Belarus has drawn up the National human rights plan. The document includes 100 steps to expand human freedom, as well as protect people in Belarus from discrimination on any ground.
In the course the year Belarusian officials looked into dozens of proposals on human rights improvement from international organizations, including UN, local human rights defenders and NGOs. Those proposals formed the basis of the plan. Similar documents exist in about 40 countries.
The action plan is drafted til 2019. However, until then, Belarus does not assume any specific obligations to the UN and other interested parties. The authorities have agreed to “consider the feasibility of”, “to work on”, “to improve the mechanisms” and “to study international experience” for each of the plan’s points.
The work on the plan will not lead to any revolution like the abolishment of death penalty. Belarus will only hold events to study the international experience and public opinion on the issue.
But the county is ready to be more active in less sensitive issues, like the rights of the disabled people. For example, on October 3 the Belarusian parliament ratified the UN Convention on the Rights of Disabled Persons. The document will enter into force one month after the instruments of ratification are handed over to the UN Secretary General.
Another important outcome of the plan’s implementation may be the establishment of the National human rights institution. If the government approves its creation, an ombudsman to control the observation of human rights will appear in Belarus.
It is expected that upon the plan’s implementation government agencies will become more transparent. Public persons and organizations will be able to take part in the development and discussion of new laws and other legal acts.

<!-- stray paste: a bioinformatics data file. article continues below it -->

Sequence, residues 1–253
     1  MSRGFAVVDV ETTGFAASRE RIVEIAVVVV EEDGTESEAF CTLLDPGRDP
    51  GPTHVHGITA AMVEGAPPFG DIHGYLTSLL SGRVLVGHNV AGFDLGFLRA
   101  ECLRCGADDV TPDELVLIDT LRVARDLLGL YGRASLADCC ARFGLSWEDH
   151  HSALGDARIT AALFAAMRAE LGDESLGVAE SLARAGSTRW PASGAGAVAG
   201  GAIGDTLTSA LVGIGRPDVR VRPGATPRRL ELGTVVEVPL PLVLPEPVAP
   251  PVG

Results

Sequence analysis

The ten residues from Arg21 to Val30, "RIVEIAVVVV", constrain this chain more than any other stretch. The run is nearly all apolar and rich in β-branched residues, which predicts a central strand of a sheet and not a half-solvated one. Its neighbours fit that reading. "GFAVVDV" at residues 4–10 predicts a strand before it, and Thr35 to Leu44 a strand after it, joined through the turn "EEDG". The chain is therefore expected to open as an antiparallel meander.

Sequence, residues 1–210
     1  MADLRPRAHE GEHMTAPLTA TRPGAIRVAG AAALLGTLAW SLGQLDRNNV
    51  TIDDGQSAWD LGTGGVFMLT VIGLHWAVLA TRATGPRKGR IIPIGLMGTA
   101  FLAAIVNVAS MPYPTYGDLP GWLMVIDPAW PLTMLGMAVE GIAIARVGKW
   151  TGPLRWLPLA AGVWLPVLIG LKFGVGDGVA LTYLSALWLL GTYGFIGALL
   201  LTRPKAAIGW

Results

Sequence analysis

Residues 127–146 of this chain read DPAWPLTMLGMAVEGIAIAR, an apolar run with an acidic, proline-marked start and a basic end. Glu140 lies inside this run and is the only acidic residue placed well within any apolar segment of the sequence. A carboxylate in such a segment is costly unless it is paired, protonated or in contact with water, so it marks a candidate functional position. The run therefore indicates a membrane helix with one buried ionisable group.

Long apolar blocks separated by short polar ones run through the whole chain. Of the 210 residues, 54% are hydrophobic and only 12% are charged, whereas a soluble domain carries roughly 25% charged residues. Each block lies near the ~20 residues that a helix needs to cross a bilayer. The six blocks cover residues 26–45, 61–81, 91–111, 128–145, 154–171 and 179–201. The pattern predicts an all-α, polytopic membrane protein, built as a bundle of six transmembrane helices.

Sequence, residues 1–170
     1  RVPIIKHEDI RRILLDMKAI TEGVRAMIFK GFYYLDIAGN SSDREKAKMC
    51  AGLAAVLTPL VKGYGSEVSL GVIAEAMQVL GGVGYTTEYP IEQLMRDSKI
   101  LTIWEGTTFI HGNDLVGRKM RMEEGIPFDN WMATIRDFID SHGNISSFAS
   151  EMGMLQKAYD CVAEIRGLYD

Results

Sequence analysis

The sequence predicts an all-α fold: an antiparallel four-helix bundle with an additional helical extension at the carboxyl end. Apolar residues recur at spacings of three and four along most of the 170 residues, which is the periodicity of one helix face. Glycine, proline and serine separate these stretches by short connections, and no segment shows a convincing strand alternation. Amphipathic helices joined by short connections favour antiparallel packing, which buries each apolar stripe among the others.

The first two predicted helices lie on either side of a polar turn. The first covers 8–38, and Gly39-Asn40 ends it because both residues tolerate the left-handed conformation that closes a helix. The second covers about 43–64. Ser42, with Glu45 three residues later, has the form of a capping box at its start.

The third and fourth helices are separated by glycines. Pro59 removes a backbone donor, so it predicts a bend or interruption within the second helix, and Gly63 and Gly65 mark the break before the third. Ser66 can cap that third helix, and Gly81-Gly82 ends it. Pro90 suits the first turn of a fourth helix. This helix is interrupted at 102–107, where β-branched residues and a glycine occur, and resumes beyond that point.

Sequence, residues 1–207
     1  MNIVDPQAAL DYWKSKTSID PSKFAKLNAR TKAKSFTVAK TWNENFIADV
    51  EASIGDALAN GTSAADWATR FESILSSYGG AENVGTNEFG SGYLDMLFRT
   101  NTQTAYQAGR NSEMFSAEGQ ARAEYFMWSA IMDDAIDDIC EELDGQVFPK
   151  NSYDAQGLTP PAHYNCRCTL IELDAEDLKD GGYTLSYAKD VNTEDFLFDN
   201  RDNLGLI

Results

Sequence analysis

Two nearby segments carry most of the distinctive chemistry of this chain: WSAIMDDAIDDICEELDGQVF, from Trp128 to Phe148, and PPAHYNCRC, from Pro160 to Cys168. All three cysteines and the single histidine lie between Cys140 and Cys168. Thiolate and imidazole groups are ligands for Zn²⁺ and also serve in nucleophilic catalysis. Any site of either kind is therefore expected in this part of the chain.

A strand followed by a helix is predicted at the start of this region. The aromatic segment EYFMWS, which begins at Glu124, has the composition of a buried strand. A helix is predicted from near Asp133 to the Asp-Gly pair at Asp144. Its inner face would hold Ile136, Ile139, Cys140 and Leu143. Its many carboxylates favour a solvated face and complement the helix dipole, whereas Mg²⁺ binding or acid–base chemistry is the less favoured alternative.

The government is ready to take on the obligation to help former prisoners adapt to life after release from jail, and to give juvenile offenders an opportunity to get secondary education even behind the bars.
Some changes are expected in the judicial system. In particular, administrative proceeding may be introduced to solve disputes between citizens and government agencies and officials.
Probably the most important change may happen in the social sphere – an obligatory paternity leave. The Ministry of Labor has already tried to raise the issue with a reference to the experince of Sweden, where 75% of fathers spend several months in childcare leave.
However, in case of Belarus, where the childcare allowance is based on the average wage in the country, these are predominantly women to stay with the newborns because women earn about 15% less than men.